Bernardo Pulido Marquez is a Doctor of Juridical Science candidate at the Law School. He obtained his law degree (LLB equivalent) from Universidad Católica Andrés Bello (UCAB) at Caracas, Venezuela, where he also did studies on Venezuelan Constitutional Law. Pulido Marquez also holds a Master in the Science of Law (JSM) from Stanford Law School where he was part of the Stanford Program in International Legal Studies (SPILS).
Before joining the JSD program at Notre Dame Law School, he worked as a human rights advocate and activist in Venezuela, defending political prisoners -including some of the most relevant Venezuelan opposition leaders- and fighting for the reestablishment of the rule of law and democracy in Venezuela. Pulido Marquez has devoted part of his time to human rights litigation; submitting and acting as claimant lawyer in several actions before the Inter American Human Rights System and different United Nations Commissions and Rapporteurs and representing victims Before the Inter American Commission and Court. He was also a part-time professor at Universidad Católica Andrés Bello teaching: human rights, General Topics of Constitutional Law and Venezuela Constitutional Law.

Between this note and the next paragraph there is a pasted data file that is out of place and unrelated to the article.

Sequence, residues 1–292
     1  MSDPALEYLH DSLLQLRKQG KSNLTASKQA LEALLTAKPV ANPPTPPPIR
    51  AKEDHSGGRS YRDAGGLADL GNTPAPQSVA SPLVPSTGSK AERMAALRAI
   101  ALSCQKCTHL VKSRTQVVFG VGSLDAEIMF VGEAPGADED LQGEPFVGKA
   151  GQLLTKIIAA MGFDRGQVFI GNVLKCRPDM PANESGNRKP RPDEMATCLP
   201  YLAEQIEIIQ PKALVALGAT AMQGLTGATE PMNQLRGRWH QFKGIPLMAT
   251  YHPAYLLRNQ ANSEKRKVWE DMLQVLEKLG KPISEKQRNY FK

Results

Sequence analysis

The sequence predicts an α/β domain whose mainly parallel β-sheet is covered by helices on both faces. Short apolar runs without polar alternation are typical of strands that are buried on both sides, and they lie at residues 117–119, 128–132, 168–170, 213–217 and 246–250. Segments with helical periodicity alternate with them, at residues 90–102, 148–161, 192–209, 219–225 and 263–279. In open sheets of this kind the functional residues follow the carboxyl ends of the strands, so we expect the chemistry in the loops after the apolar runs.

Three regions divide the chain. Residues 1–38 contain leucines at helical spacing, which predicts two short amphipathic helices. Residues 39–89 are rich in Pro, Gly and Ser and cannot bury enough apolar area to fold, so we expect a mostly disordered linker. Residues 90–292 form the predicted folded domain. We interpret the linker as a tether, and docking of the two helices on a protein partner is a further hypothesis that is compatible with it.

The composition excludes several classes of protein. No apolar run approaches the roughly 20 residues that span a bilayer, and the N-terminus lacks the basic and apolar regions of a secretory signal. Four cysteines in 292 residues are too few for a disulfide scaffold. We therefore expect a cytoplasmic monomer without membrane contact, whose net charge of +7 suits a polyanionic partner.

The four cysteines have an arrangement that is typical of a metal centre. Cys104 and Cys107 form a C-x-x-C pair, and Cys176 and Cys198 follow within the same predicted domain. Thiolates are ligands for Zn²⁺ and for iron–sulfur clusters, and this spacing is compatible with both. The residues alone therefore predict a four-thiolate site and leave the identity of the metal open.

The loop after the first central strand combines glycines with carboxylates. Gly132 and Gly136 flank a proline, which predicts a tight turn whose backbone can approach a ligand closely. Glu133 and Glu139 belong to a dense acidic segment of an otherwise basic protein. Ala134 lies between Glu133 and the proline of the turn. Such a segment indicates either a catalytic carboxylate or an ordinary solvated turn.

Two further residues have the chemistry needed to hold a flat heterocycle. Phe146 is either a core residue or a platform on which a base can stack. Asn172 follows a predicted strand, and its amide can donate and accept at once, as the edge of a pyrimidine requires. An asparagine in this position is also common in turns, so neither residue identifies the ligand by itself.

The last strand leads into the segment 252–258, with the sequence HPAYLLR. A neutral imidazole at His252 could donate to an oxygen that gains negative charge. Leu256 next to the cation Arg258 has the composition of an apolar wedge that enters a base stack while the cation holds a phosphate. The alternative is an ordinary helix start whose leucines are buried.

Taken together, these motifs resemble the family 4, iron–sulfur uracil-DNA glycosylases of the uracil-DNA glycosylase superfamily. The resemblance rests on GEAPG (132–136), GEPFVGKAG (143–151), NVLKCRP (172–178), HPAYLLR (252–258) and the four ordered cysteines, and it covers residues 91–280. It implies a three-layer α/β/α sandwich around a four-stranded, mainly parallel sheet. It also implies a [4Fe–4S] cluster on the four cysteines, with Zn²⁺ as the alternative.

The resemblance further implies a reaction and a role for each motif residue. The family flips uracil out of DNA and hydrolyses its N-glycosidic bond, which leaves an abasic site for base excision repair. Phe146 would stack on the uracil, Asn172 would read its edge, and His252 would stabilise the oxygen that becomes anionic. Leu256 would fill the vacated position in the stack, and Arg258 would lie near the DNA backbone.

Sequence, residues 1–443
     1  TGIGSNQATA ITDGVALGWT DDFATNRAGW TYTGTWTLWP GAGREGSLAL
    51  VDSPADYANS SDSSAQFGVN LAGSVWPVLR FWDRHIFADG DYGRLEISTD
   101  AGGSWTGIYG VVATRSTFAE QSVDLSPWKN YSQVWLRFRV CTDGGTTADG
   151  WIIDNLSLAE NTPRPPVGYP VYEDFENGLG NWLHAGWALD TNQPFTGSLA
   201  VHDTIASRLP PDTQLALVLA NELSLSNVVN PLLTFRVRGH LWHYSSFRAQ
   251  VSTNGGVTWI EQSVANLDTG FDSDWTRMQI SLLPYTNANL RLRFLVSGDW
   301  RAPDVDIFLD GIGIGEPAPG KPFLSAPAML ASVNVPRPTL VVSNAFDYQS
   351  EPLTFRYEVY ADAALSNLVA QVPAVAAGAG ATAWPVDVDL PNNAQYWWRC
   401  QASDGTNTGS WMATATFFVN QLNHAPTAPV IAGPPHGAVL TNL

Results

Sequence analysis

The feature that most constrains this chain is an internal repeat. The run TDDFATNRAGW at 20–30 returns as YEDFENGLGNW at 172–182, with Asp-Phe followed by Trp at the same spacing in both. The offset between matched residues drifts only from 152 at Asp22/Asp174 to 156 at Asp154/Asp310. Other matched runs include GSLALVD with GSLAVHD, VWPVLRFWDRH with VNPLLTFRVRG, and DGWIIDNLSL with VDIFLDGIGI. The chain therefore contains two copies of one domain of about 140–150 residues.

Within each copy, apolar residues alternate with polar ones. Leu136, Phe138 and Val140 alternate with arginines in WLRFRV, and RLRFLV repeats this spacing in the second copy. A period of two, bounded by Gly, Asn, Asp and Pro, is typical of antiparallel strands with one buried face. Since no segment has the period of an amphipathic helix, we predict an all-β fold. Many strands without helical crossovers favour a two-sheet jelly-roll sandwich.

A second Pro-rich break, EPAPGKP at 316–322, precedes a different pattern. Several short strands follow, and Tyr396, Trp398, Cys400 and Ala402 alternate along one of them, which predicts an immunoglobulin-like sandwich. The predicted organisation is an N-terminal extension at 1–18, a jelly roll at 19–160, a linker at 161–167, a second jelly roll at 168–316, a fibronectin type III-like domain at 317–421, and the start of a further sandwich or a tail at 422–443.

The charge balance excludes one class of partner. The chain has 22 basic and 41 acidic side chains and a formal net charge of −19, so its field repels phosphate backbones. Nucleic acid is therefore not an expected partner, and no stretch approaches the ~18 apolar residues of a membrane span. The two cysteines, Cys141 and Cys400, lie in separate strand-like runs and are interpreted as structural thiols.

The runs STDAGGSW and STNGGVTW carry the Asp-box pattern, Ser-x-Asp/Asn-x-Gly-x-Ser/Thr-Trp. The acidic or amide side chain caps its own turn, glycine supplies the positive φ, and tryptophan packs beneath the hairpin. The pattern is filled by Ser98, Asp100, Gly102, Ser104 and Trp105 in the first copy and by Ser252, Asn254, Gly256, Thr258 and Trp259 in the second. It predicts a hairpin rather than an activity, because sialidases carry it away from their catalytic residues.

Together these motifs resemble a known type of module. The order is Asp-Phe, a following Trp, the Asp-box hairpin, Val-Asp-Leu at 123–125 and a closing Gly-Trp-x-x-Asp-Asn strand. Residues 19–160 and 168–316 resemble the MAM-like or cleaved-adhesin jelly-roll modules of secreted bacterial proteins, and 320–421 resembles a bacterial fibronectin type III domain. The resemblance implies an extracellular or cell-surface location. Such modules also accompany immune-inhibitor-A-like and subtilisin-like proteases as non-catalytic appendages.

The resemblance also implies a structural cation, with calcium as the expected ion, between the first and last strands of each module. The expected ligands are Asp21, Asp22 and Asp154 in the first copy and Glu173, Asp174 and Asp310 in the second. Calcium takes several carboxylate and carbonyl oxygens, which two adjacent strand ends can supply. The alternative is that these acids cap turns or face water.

At Notre Dame, his research will focus on inadmissible restrictions on political rights, including the right to run for elections, reviewing the effects of administrative disqualifications and judicial decisions that ban candidates from running for office. He will emphasize on how such restrictions have an impact in the quality of democracy.
La Incertidumbre de la Salida Venezolana Bajo el Frío Estadounidense
Feb 17, 2019
The Kellogg Institute's Feb. 12 flash panel on the crisis in Venezuela was discussed in an international news article written by Gustavo Siera - father of Faculty Fellow Jazmin Sierra (political science).
‘The Reality Is That Nobody Knows’: Experts Address Venezuela’s Future
Feb 13, 2019
Teaser: A panel of experts who spoke February 12 at the Kellogg Institute for International Studies said Venezuela’s future – and whether it will transition to democracy – remains murky.